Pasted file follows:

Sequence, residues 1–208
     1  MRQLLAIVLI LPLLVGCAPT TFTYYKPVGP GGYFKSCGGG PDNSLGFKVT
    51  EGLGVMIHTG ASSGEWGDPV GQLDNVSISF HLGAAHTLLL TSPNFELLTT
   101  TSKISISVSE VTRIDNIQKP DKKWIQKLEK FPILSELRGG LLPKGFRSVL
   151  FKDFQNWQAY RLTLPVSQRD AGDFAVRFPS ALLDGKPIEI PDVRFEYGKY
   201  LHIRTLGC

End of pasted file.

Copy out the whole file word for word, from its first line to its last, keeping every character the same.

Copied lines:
Sequence, residues 1–208
     1  MRQLLAIVLI LPLLVGCAPT TFTYYKPVGP GGYFKSCGGG PDNSLGFKVT
    51  EGLGVMIHTG ASSGEWGDPV GQLDNVSISF HLGAAHTLLL TSPNFELLTT
   101  TSKISISVSE VTRIDNIQKP DKKWIQKLEK FPILSELRGG LLPKGFRSVL
   151  FKDFQNWQAY RLTLPVSQRD AGDFAVRFPS ALLDGKPIEI PDVRFEYGKY
   201  LHIRTLGC